A rally in Paris on July 1 of Iranian resistance groups reveals an opportunity for President Trump to increase his leverage in dealing with Iran, as he seeks to manage U.S. engagement in the greater Middle East and confront radical Islamist terrorism.
Prince Turki is the Saudi in Paris. He called for regime change in Iran and commanded attention; when he returned, a crisis almost brewed, offering Tump an opportunity to build upon the diplomatic initiative in the "Qatari-Saudi Crisis." It presented him an occasion to show leadership in U.S. efforts against terrorism and isolation of Iran. And the crisis continues to escalate.
Breaking news complicated the "Qatari-Saudi Crisis" even further, making it the "Qatari-Saudi-UAE Crisis." The Washington Post reports on July 16, 2017, U.S. intelligence found in late May that Qatar orchestrated hacking of Qatari government news and social media sites to post incendiary false quotes attributed to Qatar’s emir.
The Saudis, the UAE, Bahrain, and Egypt banned all Qatari media. They then broke relations with Qatar and declared a trade and diplomatic boycott. Multi-crises set the scene for looking back and looking forward to assess effects of Prince Turki's addresses to Iranian dissidents in Paris in 2016 and 2017.
On Oct. 4, 2016, co-author Tanter penned "Preparing for Regime Change in Iran," which used a July 9, 2016 address by Prince Turki where he said,
"Maryam Rajavi, your endeavour to rid your people of the Khomeinist cancer is an historic epic that…will remain inscribed in the annals of history."
When the Farsi-speaking crowd chanted, "The people want regime change," the Prince joined in Arabic saying, "I, too, want regime change" in Iran, a remark that brought the house down. When the applause subsided, Turki said,
"Countries of the Gulf Cooperation Council (GCC) in the Arab and Persian Gulf and their neighbor Iran lived in a state of coexistence until the Khomeini revolution of 1979."
On July 1, 2017, Tanter attended another address by Turki in Paris. The 2016 address was barn-storming; 2017 is likely to have more impact a political decision by Riyadh to stand against Tehran and with the resistance.
In 2016, Prince Faisal made the argument the Iranian regime does not represent the Iranian people or its rich history and culture; in 2017, he went further, adding new angles. This year, Turki added that Iran did not represent the Shiite sect, and rule by a Supreme Leader nothing to do with Shiism. He referred to a speech in Paris by President-Elect of the National Council of Resistance of Iran (NCRI), Maryam Rajavi. (The largest unit of the NCRI is the People’s Mujahedeen of Iran — PMOI aka, the Mujahedeen-e-Khalq or MEK.)
Rajavi said all sectors of the Iranian population, including Kurds, Arabs, Baluchis, are being suppressed by the regime. Rajavi and Turki concurred they are part of the territorial integrity of the country, in sharp contrast to Tehran’s propaganda that Iranian ethnic minorities are actually separatists, and therefore it is not only legitimate to suppress them but an obligation to do so.
Riding a large turnout from Iran’s urban middle classes, President Hassan Rouhani won re-election in a landslide on May 19-20, giving him a mandate to continue his quest to open Iran’s ailing economy to global investors, per The New York Times.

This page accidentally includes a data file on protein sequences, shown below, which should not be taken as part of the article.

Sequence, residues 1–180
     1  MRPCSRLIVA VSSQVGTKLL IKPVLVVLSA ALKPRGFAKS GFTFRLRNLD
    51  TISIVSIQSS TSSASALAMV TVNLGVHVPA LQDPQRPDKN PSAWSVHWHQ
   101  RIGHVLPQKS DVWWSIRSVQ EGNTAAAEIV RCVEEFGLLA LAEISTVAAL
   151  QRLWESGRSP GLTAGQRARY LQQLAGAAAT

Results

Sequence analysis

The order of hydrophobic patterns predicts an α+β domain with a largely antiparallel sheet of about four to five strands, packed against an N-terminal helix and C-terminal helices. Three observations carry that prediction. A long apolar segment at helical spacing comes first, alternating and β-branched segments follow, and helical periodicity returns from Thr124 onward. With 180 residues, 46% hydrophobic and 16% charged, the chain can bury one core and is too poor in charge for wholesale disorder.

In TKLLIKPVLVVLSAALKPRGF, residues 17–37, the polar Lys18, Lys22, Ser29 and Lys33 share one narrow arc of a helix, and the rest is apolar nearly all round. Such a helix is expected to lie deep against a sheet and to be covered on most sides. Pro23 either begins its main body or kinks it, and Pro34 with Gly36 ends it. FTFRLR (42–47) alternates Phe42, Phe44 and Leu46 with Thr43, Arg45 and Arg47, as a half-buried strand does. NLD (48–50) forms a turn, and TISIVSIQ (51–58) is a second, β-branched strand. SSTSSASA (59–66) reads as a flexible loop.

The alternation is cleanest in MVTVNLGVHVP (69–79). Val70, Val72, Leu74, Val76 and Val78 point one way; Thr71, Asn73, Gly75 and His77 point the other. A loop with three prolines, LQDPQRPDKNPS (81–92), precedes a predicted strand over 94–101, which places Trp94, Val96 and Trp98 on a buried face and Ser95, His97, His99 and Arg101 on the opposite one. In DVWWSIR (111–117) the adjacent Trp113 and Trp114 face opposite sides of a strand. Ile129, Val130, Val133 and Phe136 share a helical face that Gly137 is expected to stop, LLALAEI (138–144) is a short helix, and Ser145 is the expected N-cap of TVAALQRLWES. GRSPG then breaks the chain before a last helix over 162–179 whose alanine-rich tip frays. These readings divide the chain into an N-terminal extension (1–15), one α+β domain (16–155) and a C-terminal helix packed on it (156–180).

The Islamic-American summit in Riyadh created conditions for further isolation of Iran from the Islamic world and a new coalition with Washington formed to isolate Tehran. Saudi Arabia excluded Iran from participating in the summit, adding insult to injury. In addition, NCRI members were out of harm’s way in Iraq and away from the regime’s reach in Albania.
There’s also is a new "Sheriff in town," expressed in his Riyadh address: Trump the dealmaker but one with core principles like "Drive them out." "Drive them out of your places of worship," Trump said, "drive them out of your holy land. Drive them out of this earth."
The Iranian resistance benefits from aligning with the United States because the resistance is firmly in the camp of civilized states and does not commit acts of barbarism. Hence, Trump is more likely to reach out to the Iranian opposition during his review of Iran policy than did Barack Obama, who valued the nuclear deal with Tehran too much to jeopardize it by opening up to the resistance.
After the July 1 rally in Paris, Fox News reported the next day the president might defy the Iranian regime by signalling his willingness to look kindly on the resistance: "The Trump administration is potentially considering seeking a strategy to try to topple the regime." The resistance, however, only needs American political and perhaps economic support to effect "regime change from within." Even if not going so far as toppling the regime, Trump could increase his leverage against the Ayatollahs by supporting the resistance, conditioned on its continued eschewing of terrorist tactics.
Finally, there is an opportunity for Trump to extend a hand to Iranian dissidents and build on his diplomatic initiatives where he is making progress, such as the counterterrorism coalition with Muslim-majority states. The breaking news multi-crises stated above provide Trump with greater justifications for exercising leadership.
Dr. Raymond Tanter @AmericanCHR served as a senior member on the National Security Council staff in the Reagan-Bush administration and is now Professor Emeritus at the University of Michigan. Edward Stafford @egstafford is a retired Foreign Service officer; he served in Political-Military Affairs at the State Department, as a diplomat with the U.S. Embassy in Turkey, and taught at the Inter-American Defense College. To read more of Tanter's reports — Click Here Now.
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